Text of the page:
Helmeted hornbill

Rhinoplax vigil

SUBFAMILY

Bucerotinae

TAXONOMY

Rhinoplax vigil Forster, 1781, Sumatra. Monotypic. OTHER COMMON NAMES

English: Great-helmeted hornbill, solid-billed hornbill; French: Calao a casque rond; German: Schildschnabel; Spanish: Cálao de Yelmo.

PHYSICAL CHARACTERISTICS

43.3-47.3 in (110-120 cm); female 5.742-6.25 lb (2.61-2.84 kg), male 6.73 lb (3.06 kg). Very large, dark brown and white with short red bill colored with preen oil; high casque and long, white tail feathers.

DISTRIBUTION

South Myanmar and south Thailand, Malaysia, Sumatra, and Borneo.

HABITAT

Rainforest bird preferring primary habitat below altitude of 4,900 ft (1,500 m) but capable of using selectively logged forest.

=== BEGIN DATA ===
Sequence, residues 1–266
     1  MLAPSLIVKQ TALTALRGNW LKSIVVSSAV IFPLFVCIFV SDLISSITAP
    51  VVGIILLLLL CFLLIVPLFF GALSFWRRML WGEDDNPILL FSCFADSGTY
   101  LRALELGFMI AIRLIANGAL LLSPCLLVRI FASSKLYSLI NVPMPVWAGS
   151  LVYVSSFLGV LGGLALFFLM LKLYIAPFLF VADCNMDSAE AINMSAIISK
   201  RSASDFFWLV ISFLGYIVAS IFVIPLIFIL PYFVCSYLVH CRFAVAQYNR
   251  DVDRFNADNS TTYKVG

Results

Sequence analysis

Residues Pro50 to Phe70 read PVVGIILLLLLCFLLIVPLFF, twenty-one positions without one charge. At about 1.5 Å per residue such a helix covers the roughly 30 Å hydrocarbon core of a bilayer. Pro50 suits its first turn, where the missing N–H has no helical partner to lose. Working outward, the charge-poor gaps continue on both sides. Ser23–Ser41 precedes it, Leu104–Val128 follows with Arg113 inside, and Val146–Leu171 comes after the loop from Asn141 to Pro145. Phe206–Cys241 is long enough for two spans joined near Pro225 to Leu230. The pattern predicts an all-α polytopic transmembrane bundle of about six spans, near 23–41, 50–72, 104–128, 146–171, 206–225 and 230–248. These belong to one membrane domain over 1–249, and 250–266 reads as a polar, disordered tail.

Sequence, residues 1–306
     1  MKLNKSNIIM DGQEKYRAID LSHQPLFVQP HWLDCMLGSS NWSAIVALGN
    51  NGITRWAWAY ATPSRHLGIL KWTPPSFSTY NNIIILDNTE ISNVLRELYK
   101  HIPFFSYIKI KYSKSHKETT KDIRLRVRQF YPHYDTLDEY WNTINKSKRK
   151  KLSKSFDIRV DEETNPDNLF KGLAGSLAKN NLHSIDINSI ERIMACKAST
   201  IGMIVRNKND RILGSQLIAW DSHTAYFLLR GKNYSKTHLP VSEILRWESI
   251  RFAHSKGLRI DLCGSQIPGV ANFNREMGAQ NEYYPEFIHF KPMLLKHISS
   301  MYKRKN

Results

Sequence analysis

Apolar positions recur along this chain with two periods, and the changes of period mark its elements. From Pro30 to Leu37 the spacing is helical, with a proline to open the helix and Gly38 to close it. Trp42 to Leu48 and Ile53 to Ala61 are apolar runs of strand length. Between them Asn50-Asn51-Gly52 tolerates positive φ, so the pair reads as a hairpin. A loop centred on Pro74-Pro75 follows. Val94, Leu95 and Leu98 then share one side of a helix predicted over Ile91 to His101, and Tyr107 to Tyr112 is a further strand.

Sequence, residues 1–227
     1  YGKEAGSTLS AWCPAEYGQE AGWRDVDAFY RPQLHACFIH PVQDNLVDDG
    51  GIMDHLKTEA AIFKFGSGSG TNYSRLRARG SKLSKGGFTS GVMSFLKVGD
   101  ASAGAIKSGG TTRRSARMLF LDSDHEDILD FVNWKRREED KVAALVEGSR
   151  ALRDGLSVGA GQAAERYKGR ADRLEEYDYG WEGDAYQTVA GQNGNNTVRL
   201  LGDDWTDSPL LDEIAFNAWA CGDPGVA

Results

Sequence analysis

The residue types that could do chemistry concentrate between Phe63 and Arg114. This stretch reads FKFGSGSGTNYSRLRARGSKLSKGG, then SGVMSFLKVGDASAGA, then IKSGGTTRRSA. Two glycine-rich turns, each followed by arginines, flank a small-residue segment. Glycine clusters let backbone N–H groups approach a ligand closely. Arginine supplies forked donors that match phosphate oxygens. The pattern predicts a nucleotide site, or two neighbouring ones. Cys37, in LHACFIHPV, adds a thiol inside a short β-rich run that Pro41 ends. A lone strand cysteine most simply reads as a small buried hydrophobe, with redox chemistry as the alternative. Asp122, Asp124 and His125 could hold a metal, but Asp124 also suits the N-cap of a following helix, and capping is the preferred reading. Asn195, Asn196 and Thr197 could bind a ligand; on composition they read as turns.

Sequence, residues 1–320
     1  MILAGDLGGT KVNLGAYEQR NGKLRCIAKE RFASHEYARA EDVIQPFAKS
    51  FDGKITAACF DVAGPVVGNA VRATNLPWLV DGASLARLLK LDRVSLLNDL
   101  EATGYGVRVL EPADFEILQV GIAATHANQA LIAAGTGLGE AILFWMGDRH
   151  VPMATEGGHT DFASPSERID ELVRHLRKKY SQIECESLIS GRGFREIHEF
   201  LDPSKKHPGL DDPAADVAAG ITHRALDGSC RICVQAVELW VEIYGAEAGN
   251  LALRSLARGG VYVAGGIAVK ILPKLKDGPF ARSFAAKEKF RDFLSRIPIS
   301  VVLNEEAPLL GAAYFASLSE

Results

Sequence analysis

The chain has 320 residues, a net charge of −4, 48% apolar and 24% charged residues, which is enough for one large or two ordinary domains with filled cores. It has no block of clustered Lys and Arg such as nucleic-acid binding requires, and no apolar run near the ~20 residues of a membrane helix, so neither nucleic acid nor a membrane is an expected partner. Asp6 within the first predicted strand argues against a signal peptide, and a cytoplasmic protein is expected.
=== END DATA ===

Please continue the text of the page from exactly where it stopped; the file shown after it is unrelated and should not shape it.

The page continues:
Rhinoplax vigil

H Resident

BEHAVIOR

Believed to be territorial. Distinctive loud call has a series of orientation "Tok" followed by a cascading laughter. Individuals of either sex occasionally engage in strange, aerial head-butting behaviors, especially near fruiting figs.

FEEDING ECOLOGY AND DIET

Appears to be a fig specialist. Studies in Malaysia, Borneo, and Sumatra confirm the diet to be 98-100% figs with up to 12 species of figs eaten regularly.

REPRODUCTIVE BIOLOGY

Little known. Reported to lay aseasonally but in southern Sumatra tends to fledge young in May/June.

CONSERVATION STATUS

Considered Near Threatened and listed on Appendix I of CITES. Locally common where habitat is intact but probably declining through most of its range due to hunting and forest destruction. Extinct in Singapore in 1950.

SIGNIFICANCE TO HUMANS

One of the most significant species in traditional Southeast Asian cultures; strongly associated with head-hunting. Feathers and "ivory" are highly coveted for traditional dances and ceremonial decorations and although illegal, carved casques are still traded internationally. ♦

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